From the Archives

From Parameters, Autumn 2003, inside back cover.

Transformation circa 1861 — Precision Drill

During the secession crisis and the early months of the Civil War, tens of thousands of men on each side eagerly entered military service. Transforming such hordes of enthusiastic volunteers into an effective fighting force was a problem confronting both North and South during that period. The major element in such transformation was repeated practice of close order drill. Yet with many drillmasters themselves inexperienced and with even some experienced ones being of doubtful competence, some curious maneuvers resulted, never contemplated by those who drew up the drill manuals. A South Carolina officer later recounted one such incident:

Immediately after the ordinance of secession had been passed, and it became apparent that there would be war, the attention of the Southern youth was directed almost exclusively to Hardee’s tactics, and especially the drill of the company. A military company was organized in nearly every neighborhood all over the country, and the rivalry between them, as well as the interest elicited from their civilian friends and admirers, was immense. There was a very fine company organized in Memphis, which acquired a wide reputation for excellence in all the evolutions. It was commanded by a Mexican [War] veteran who was a master of tactics and a martinet in drill. Every afternoon a throng of people would resort to the large vacant lot where this company was receiving instruction, to witness and applaud its performances. On one occasion, when an unusually large and appreciative crowd was collected, and many ladies present, the captain became so enthused that, after exhausting every recognized movement, he began to extemporize, and shouted out the command, “Company, right and left oblique; march!” The men gallantly essayed to obey the order, and diverging from the center toward the flanks, scattered widely. The captain racked his brain for a proper command to bring them together again, but the tactics provided no formula for such a dilemma. At length, when the boys had become strung out like a flock of wild pigeons and seemed about to separate forever, he yelled out, in desperation, “Huddle, gol darn ye!”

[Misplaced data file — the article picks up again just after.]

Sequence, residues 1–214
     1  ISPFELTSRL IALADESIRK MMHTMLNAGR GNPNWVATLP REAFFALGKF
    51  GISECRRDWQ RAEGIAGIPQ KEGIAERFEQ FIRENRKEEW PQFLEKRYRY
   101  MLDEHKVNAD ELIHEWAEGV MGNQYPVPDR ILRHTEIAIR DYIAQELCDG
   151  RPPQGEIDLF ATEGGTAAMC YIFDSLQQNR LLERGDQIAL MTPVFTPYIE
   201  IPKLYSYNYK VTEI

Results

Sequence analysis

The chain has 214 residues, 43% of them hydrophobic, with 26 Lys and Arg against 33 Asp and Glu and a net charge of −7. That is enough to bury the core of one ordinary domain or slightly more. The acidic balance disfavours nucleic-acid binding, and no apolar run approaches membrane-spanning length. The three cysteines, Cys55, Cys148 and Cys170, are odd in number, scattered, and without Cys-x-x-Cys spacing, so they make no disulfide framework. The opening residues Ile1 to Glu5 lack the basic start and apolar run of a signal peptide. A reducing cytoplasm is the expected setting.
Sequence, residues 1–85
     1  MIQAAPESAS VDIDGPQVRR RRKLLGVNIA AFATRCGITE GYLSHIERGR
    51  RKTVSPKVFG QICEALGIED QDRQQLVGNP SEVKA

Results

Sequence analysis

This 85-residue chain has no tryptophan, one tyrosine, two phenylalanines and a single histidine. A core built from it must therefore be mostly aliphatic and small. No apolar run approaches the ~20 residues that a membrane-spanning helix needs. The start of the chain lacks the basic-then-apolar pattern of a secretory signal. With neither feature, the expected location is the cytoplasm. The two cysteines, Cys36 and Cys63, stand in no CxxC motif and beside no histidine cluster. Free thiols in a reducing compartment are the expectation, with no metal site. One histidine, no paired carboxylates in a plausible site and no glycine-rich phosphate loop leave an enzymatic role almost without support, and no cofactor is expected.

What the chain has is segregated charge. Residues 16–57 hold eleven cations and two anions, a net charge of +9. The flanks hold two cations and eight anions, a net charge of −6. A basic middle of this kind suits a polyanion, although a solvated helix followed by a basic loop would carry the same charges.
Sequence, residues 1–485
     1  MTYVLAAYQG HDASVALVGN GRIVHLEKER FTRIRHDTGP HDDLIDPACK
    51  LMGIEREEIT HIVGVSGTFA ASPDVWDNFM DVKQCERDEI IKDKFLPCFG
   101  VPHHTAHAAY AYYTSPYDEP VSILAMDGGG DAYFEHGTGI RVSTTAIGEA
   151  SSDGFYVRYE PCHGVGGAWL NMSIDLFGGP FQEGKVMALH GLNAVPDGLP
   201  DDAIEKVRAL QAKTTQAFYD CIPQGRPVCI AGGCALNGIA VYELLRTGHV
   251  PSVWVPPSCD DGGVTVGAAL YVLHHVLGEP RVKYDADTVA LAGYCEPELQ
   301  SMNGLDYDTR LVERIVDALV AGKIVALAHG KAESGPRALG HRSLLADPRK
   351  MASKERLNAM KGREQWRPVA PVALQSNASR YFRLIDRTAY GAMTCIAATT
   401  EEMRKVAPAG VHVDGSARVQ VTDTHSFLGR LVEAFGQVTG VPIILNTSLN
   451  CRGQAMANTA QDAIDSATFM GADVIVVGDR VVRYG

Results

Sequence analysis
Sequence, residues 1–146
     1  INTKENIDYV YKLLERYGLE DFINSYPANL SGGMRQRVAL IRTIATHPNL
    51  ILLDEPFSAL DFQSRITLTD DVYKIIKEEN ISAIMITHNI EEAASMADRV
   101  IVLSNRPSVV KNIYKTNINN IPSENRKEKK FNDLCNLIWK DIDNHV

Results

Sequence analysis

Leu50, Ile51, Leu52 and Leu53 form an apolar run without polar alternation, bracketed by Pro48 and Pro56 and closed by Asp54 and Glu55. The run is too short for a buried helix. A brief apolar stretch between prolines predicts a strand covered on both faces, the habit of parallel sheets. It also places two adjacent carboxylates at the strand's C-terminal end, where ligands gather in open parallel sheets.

Source: Richard J. Sommers, ed., Vignettes of Military History, Volume II (Carlisle Barracks, Pa.: US Army Military History Institute, October 1978), Vignette No. 47, contributed by Miss Alexandra Campbell, from W. S. Dunlop, Lee’s Sharpshooters (Little Rock, Ark.: Tunnah & Pittard, 1899).

Go to Autumn issue Table of Contents.

Go to Parameters home page.

Reviewed 25 Autumn 2003. Please send comments or corrections to